On the Best and Worst Parts of Yankee Fandom, and Coming Home

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Much to my anguish, the story of my Yankee fandom has been a difficult one to live through. If you visit my girlfriend’s Facebook profile, you will see a picture of me wearing a Phillies t-shirt with my arm around one of the biggest Yankee fans I know. I still cringe when I see it, and I don’t know why she keeps it up. I’m sure that there is at least one rabid Bleacher Creature who has started writing me a death threat.

I repent. Allow me to explain myself.

I was born in Tampa, Florida in 1990. My father, who grew up in Westchester, took me to Legend’s Field (now Steinbrenner Field) to watch the Tampa Yankees games as a kid. I was too young to remember any of the players who came up through the minors, but I know Derek Jeter was my hero, and when it came to baseball, I only ever knew or cared about the New York Yankees.

Growing up, my dad would tell me about the first time he saw Mickey Mantle play. There was a giant picture of Joe DiMaggio in his office, next to a picture of my great uncle shaking the Babe’s hand. I learned that Yankee Stadium was the house that Ruth built, Lou Gehrig was the Iron Horse, and that Yogi Berra was worth his weight in gold. Against this backdrop, cheering for the Yankees was like witnessing mythology. I was in love.

Then, in 1998, the Tampa Bay Devil Rays were born, and my family decided that we would do the noble thing and root for the home team. As it turns out, 1998 was also one of the greatest years to be a Yankee fan.

Little did I know that my descent into the life of a baseball foster child had officially begun.

I spent the next few years living with confused loyalties, compounded by my Florida residency, my grandfather’s appreciation for Ted Williams (no, I do not want to talk about it), my grandmother’s undying love for the Chicago Cubs (I cried a little last October), and my strange inclination towards rooting for the Yankees.

There were times when my denial was thick. In high school, I cut my hair into a mohawk when the Rays were in the World Series in 2008. In the spirit of rooting for the home team, I went against the grain of "growing up a Rays fan" by trying to root for the Phillies when I moved to the City of Brotherly Love in 2015.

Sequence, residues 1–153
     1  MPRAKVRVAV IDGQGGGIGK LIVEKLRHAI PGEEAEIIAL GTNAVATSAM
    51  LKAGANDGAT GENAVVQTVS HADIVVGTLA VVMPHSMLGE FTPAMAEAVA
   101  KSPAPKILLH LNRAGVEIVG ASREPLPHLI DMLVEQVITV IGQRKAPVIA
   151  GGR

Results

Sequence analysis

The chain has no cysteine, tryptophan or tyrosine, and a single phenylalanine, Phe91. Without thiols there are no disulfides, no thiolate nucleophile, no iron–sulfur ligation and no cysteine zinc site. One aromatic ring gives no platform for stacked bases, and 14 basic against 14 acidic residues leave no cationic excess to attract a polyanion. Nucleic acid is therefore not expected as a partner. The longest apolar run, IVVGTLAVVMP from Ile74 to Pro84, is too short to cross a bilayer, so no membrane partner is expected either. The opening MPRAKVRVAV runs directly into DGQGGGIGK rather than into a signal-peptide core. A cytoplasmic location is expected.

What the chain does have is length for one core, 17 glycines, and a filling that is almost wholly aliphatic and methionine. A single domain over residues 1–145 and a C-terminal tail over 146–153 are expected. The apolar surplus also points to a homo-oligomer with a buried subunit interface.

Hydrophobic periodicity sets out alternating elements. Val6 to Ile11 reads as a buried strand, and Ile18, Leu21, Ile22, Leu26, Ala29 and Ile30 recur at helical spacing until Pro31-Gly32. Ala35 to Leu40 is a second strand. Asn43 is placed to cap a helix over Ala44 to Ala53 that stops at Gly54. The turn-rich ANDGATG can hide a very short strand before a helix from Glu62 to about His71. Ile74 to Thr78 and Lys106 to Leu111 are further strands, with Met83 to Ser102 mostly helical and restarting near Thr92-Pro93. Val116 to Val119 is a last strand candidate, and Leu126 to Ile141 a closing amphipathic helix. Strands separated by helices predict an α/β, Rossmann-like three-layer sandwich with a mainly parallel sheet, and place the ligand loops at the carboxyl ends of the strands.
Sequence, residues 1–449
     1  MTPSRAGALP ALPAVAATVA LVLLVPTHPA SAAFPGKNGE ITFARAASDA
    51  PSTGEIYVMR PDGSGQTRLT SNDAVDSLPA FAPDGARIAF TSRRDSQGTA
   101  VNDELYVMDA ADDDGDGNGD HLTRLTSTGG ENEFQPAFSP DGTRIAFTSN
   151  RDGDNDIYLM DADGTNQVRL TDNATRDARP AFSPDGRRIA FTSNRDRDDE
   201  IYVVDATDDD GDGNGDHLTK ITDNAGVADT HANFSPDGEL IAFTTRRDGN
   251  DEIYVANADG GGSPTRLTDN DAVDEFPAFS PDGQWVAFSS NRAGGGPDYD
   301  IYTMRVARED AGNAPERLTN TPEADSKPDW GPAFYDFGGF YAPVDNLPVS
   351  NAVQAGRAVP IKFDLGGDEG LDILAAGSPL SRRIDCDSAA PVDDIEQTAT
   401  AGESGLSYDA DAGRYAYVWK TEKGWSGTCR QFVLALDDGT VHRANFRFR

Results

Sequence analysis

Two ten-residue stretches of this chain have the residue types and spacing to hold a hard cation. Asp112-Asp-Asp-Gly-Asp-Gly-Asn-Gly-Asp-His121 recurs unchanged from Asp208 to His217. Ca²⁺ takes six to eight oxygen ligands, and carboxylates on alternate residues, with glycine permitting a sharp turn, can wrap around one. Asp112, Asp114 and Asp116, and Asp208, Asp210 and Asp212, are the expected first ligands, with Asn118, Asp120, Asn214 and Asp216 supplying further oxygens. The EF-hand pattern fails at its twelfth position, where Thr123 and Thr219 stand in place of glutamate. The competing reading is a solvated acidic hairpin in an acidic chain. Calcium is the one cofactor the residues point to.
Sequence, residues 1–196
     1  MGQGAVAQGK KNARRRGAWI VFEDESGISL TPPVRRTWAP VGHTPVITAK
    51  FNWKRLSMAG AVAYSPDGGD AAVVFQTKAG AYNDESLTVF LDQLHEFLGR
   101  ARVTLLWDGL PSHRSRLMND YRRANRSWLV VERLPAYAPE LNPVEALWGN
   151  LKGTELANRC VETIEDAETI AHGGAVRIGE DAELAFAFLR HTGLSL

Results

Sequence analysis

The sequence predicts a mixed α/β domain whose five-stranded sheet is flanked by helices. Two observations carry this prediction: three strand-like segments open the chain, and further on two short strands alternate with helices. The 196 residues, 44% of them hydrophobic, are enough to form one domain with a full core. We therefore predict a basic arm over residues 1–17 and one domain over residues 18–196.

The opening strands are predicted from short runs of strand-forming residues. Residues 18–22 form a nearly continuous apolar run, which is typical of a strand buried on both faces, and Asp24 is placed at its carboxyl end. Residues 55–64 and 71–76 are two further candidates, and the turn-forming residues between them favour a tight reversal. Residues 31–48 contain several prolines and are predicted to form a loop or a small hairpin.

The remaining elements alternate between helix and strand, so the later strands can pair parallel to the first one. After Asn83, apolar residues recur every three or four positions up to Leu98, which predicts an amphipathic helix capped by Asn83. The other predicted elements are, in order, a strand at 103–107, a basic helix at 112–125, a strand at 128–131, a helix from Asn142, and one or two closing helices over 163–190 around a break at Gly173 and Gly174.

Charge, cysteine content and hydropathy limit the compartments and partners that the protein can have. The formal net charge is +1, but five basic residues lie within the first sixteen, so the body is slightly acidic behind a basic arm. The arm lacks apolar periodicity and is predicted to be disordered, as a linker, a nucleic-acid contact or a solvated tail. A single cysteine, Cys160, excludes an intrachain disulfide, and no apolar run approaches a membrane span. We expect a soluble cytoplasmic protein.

There is only one explanation as to why switching my allegiance was so easy: I was a fraud.

Before moving to Philly, I spent a couple of years living abroad. With the time difference, I missed a lot of Baseball, including Jeter’s last at bat. Off the top of my head, I couldn’t tell you who won the World Series during those years — but I watched that walk-off single more than once. Bottom line: the worst part of being a Yankee fan for me, is that I took a little too long putting the puzzle together.

The greatest part of being a Yankee fan is everything I’ve experienced. I remember the 2001 World Series like it was yesterday. The Yankees were America’s team, Jeter became Mr. November, and I wanted to punch Craig Counsell in the face. It was already sad time in our nation’s history, and when the Yankees lost in Game 7, I remember just how devastating it all felt. I remember the excitement when we signed A-Rod and the incredible disappointment when we found out that he had been using steroids. I hate the Boston Red Sox and just about anyone who has ever had success with them. I cried when we lost to Miami. I hate Josh Beckett. I have shaken Mariano Rivera’s hand. My favorite movies growing up were 61*, The Sandlot, and Pride of the Yankees. I always rooted for the Yankees whenever "my team" is eliminated from playoff contention. I bawled like a baby when they retired number two.

I know that we have had our share of frustrating losses over the past few months. There have been several steps backward, but several steps forward. This year may not be our year, but there is no reason why it can’t be. After a long stretch of mediocrity, it seems like the Yankees are on the cusp of returning to the greatness we have come to expect. This season, even with a very new cast of characters, has felt like old times - it echoes with promise.

Every time I watch Aaron Judge, I imagine that he may very well put a baseball on the moon. I think Aroldis Chapman’s arm can set a ball on fire, and I expect to win at the start of every game. This is the pure, childlike wonder that this fandom requires.

I love this year because I am no longer a baseball foster child. I finally feel like a Yankee.

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